Me, praying that I would forevermore remember the feel of his hand wrapped tight around mine.  

Holding on while letting go ...

Holding on while letting go ...

Him, rasping.  

Me, willing the thoughts and the love in my heart to reach through the darkness, through the cancerous pain that gripped him, through the murkiness of Alzheimer's in which he was drowning.  

Him, clinging to this blessed moment of peace enveloping him, dressed as sleep but actually concocted from a lethal cocktail of morphine and pain.

Two of my sisters, my brother and one brother-in-law seated down the hallway, allowing me a final 30 minutes of blessed quiet with this man to whom I owed my very existence.  Allowing me to close my eyes and shed tears in absolute silence as I tried to synchronize my breath to his.  Allowing me to pray to God in silence that I might find the strength to say the last goodbye to my Dad without shedding a tear so that he might believe this goodbye was simply a "good night" like any other that we'd shared over the last three weeks. 

Me and my Dad, seated side by side, so very like so many times past, yet so very different.  I'd never appreciated sitting next to him quite as much as I did on the night of February 26, 2014.  Knowing it was the last goodbye ...

He opened his eyes once and whispered to me that his wall was pretty full.  It was a wall that we'd literally plastered with pictures of friends and family.  I said: "Yes, it's a good wall", and he nodded.  "It's a good family."  And he nodded.  And he closed his eyes.

It's a good wall; it's a good family ...

It's a good wall; it's a good family ...

Fifteen minutes before I had to leave for the airport, my Dad woke up, and I asked my family to come back in.  I didn't want him to be alone when I finally left.  Since he'd lost most of his voice by now (one of the sure signs that the end was imminent) and his ability to sing, we all sat in silence for a bit.  But my Dad could still whistle.  And so, despite all the healthy lungs in the room, it was he who - despite his crumbling lungs and pain-wracked body - finally broke the silence with a whistling tune.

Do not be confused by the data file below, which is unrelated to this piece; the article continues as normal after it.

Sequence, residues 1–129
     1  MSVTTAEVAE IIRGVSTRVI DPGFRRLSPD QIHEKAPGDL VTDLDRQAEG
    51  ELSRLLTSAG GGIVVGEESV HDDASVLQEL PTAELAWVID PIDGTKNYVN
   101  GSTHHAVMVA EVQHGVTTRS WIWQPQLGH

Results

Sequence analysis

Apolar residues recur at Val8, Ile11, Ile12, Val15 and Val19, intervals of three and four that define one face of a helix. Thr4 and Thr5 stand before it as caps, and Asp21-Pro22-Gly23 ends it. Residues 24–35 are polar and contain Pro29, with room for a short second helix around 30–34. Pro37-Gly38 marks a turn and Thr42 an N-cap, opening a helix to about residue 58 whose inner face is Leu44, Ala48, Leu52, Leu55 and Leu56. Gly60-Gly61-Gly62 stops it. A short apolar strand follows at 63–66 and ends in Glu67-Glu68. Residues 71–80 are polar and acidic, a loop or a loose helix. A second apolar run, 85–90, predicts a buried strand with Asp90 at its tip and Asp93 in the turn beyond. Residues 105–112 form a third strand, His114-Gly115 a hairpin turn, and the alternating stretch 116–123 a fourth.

I had put all my stuff outside his room.  When it was time to go I simply said goodnight and told him that I had to get to bed, hugged him, gave him a kiss and told him I loved him.  Because of his Alzheimer's, it was crucial that I not leave him with the pain of a last goodbye.  A "good night" meant I'd be back.  But he still had enough wherewithal to know what a "goodbye" from me meant.  I went out and put on my coat.  

But I couldn't help myself; I had to go in and give him one last kiss and touch him one last time.  

He smelled my coat and asked in a barely audible whisper if I smoke.  I said "yes".  

He asked if I fart too.  I said "yes".  

Somehow, beneath that veil of morphine and forgetfulness, it's like he knew he couldn't leave me on a sad note.  I avoided looking at my family; I knew that their teary-eyed smiles would break me.

I breathed in his smell one last time before boarding the 14-hr flight that would carry me 10,500 km to my husband and daughter and life back in Doha.

I said "je t'aime Papa."  He whispered "je t'aime aussi".

And I left.  I didn't cry in front of him.  God helped me with that.   

Remember Me ...

It's freezing outside, but we're toasty warm here inside.

You in your big blue lazy-boy chair, me sitting on your bed, basking in the sunlight pouring through the hospice window.  Sochi and the Olympics playing out mute on TV.  

We're silently enjoying the cherries I brought you earlier this morning.  Just you and me. It's a nice, quiet moment, father and daughter.  Normal.